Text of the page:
This year, Ramadan started on August 11th 2010, and is expected to end either on September 9th or September 10th (29 or 30 days from the day it started depending on the sighting of the moon via several methods) and there are mounting fears that Muslims all around America may suffer a backlash on Eid al-Fitr. It just so happens that this joyous Muslim holiday marking the end of Ramadan coincides with the anniversary of the terrorist attacks of September 11th 2001.
For those who may not know, the Islamic calendar uses the lunar system and that is why it rolls back 11 days each Gregorian year. The average length of a 12-month lunar year is 354.37 days, which is 10.8751 days short of the average length of the solar year (365.2422 days). Most lunar calendars (ie. Hebrew, Chinese, etc.) add a 13th “leap” month every 24 to 36 months. They do so to maintain the synchronization between lunar years and the four seasons. This is not the case with the Islamic Hijri calendar.
Eid al-Fitr, expected to be on either Sept. 9th or 10th 2010, celebrates the completion of the month of Ramadan, in which Muslims fast and increase their spiritual devotions. On this day, Muslims all over the world thank Allah for his blessings upon them and for the gift of fasting.
Although, there is the sense of excitement between Muslims in America about this Eid, there is also a great sense of fear. These fears do not seem unreasonable in the current climate of heightened attention and sensitivity with the media fiasco surrounding Muslims, the “ground zero mosque” and the “National Burn the Quran Day” sponsored by the “Dove World Outreach Center.”
These recent events and the adverse media coverage have left some second generation Muslim Americans feeling like pariahs in their only land. Some of us have come to realize with certainty that there are Americans who are publicly and subliminally promoting the idea that Muslims are outsiders in our own lands and are unwelcome to stay here.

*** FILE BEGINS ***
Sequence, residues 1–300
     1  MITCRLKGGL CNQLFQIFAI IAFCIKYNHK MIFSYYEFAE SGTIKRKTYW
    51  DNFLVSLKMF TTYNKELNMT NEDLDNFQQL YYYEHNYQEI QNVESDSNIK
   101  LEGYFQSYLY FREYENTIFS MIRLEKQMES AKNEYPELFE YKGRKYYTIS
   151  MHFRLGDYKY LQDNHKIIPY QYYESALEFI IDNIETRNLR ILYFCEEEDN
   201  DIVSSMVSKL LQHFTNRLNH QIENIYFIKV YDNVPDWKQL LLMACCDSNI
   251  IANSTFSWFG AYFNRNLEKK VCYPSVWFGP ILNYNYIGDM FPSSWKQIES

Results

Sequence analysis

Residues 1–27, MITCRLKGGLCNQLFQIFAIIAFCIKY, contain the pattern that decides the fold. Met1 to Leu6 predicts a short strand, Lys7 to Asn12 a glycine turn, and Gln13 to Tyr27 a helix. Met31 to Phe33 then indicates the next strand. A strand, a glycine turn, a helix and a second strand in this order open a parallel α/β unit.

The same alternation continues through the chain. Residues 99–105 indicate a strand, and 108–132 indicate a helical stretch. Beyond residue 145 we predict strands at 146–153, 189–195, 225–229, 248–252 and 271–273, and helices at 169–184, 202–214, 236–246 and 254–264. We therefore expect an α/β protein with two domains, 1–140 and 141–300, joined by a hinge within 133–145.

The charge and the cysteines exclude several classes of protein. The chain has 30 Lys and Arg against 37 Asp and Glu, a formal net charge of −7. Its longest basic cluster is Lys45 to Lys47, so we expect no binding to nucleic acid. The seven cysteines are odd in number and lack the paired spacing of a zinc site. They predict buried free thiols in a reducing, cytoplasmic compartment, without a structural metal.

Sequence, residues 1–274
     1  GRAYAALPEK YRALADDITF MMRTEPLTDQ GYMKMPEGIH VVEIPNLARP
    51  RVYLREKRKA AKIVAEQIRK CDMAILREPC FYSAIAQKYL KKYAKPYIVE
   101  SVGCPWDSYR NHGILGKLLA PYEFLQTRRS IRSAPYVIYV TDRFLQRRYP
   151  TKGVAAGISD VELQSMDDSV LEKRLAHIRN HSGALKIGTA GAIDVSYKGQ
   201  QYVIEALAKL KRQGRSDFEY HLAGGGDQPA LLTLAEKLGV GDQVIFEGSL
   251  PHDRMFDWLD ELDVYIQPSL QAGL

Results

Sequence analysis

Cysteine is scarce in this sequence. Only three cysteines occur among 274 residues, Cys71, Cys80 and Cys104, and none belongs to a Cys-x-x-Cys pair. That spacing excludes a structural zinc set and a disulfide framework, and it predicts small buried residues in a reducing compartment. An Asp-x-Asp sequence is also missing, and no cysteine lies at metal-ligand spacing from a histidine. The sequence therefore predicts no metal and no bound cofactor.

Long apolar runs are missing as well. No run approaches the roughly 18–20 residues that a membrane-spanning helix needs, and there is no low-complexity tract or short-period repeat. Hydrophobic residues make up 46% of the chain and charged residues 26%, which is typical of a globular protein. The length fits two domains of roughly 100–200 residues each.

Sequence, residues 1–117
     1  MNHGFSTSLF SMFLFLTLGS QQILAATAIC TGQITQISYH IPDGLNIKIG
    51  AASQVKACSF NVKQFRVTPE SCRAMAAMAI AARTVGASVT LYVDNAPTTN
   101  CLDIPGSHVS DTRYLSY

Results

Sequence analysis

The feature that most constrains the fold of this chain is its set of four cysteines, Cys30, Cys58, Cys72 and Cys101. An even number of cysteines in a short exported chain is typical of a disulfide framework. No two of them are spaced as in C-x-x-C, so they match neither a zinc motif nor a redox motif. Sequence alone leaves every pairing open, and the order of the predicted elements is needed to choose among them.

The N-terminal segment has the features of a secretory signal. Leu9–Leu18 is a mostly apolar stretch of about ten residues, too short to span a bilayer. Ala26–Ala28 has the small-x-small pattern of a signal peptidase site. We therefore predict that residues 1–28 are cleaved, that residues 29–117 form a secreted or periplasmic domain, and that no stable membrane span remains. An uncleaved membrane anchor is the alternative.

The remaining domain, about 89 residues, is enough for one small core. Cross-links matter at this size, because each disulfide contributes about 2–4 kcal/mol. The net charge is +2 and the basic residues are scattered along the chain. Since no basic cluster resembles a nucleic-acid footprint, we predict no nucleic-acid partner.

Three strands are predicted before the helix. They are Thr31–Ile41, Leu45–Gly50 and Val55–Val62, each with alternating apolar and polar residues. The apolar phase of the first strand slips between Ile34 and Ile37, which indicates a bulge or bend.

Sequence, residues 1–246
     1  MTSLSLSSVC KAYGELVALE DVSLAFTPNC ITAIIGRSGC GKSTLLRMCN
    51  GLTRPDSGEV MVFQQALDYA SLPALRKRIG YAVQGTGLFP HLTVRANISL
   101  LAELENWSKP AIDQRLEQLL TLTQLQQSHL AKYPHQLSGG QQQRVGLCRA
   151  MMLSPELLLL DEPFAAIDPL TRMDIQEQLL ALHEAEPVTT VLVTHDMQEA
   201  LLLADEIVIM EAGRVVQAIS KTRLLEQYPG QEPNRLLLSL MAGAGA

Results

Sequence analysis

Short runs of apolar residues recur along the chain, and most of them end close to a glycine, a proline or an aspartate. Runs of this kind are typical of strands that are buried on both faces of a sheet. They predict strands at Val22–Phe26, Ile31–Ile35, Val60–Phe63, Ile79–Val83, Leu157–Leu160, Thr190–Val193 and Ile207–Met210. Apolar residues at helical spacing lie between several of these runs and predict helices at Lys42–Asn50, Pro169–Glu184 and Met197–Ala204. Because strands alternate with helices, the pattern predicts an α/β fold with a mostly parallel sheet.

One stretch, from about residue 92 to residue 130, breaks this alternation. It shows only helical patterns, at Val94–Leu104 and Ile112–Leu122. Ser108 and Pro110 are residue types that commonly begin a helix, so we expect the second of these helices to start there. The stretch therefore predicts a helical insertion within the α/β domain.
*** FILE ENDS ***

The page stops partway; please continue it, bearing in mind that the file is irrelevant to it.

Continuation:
In light of these current events, some leaders of Islamic centers around the nation are worried and many ordinary Muslims fear celebrating our post-Ramadan festival as normal as in every other year. Some have even gone as far as to cancel their annual carnival held the Saturday after Ramadan because it falls on September 11 and they do not want to be seen celebrating on that day. There is a difference between canceling their carnival due to the sensitivity of this event versus canceling it due to fears of violence. One is being considerate of the situation while the other is being terrorized and scared!
Fears of aggressive violence and retaliation against centers and places of worship are rising to new levels given some of the aggressive protests and vandalism that has taken place at various mosques around the country in the past few weeks.
In the face of such terrorizing events, we the Muslims are left with one of two solutions, a) just don’t show up to the Eid prayer and stay home in fear of any aggressive confrontation, or b) disregard those threats and show up and celebrate our Eid as we normally do. It is my opinion that if we don’t show up, we will be declaring our defeat to bigotry and xenophobia. That is why I highly recommend that everyone show up and encourage other Muslims around him/her to make an extra effort to show up this year. As a matter of fact, please invite one or two of your non-Muslim friends or coworkers. Also make sure you bring your camcorder or have the video recording option on your cell phone ready, in case any bigoted event takes place.
Either way, whether peaceful Eid celebrations go on as planned or are interrupted by protesters, please go to the Eid prayer, dress nicely, exchange gifts and take this as an opportunity to educate the majority of our American neighbors that are misinformed about our religion and celebrations.
An excellent post from MuslimMatters.org.